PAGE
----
December 7, as you doubtless know, was the 75th anniversary of Pearl Harbor.
On that day, I had errands in the city. I was gratified to see numerous flags lowered to half-staff as a mark of respect.
Recently my mother (who was born in 1931) shared an extraordinary story as follows:
In the fall of 1941 my mother started making homemade bread every Saturday. She used yeast on the first recipe, but after that she would save a starter, a piece of dough. Of course we had no refrigeration, so she would just take the starter dough and put it in a bowl in the cabinet. The next week she would use the starter dough to make a fresh batch of bread.
My oldest brother had taken off for something, and he came home with a friend. The boy lived about a mile away from our house, but since we lived along a bayou, we had to cross a prairie to get to his house. He walked in the house and the smell of fresh bread permeated the place. He was wowed, and Mamma broke him off a piece of fresh bread for him to eat.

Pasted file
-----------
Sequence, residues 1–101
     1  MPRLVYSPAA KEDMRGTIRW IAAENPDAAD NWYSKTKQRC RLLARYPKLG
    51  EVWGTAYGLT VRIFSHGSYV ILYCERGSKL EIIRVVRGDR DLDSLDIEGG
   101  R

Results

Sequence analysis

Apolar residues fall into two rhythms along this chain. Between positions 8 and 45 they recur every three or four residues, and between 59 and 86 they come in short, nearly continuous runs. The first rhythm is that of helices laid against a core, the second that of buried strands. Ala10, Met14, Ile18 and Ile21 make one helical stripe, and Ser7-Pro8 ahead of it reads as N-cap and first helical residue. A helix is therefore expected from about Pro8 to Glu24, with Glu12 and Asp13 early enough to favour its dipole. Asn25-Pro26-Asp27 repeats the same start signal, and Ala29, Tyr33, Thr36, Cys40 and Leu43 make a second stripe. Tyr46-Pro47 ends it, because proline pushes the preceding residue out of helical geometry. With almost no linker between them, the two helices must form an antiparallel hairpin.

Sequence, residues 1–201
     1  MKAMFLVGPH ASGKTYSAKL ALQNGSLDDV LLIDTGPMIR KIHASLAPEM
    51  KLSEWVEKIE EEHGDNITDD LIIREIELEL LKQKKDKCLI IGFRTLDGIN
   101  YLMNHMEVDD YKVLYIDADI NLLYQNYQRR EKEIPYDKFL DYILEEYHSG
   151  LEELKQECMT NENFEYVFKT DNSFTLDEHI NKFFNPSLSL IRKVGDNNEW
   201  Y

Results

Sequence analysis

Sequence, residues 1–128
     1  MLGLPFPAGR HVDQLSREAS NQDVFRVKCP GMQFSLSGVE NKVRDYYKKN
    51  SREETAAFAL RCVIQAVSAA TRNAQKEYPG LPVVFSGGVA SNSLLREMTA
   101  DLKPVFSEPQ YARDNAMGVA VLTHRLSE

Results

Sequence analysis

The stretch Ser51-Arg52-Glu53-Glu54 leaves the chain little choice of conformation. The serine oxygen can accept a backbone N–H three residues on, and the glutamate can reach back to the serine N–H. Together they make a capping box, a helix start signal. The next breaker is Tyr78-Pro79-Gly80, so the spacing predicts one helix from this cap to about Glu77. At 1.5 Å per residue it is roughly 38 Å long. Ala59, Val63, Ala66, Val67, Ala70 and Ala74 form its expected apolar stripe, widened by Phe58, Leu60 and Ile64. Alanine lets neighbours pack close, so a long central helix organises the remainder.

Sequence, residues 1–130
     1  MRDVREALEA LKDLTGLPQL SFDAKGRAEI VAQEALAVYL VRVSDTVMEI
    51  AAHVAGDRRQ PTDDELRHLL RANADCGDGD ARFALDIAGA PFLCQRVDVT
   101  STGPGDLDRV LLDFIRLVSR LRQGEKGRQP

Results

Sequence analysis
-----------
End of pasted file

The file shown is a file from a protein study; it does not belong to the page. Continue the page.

He had gone to school with us, but like a lot of kids his age he joined the Navy at age 17. He told my mother he was stationed at Pearl Harbor on the Arizona.
This took place on Saturday November 22nd. Thirteen days later he died on the Arizona at Pearl Harbor. His name was William (Bill) Stoddard.
My mother stopped making bread. I was ten years old.
Needless to say, Pearl Harbor didn't just affect Hawaii.
It also affected a tiny little town in the bayous of Louisiana, and a 10-year-old child's memory of a neighbor boy who died for our country.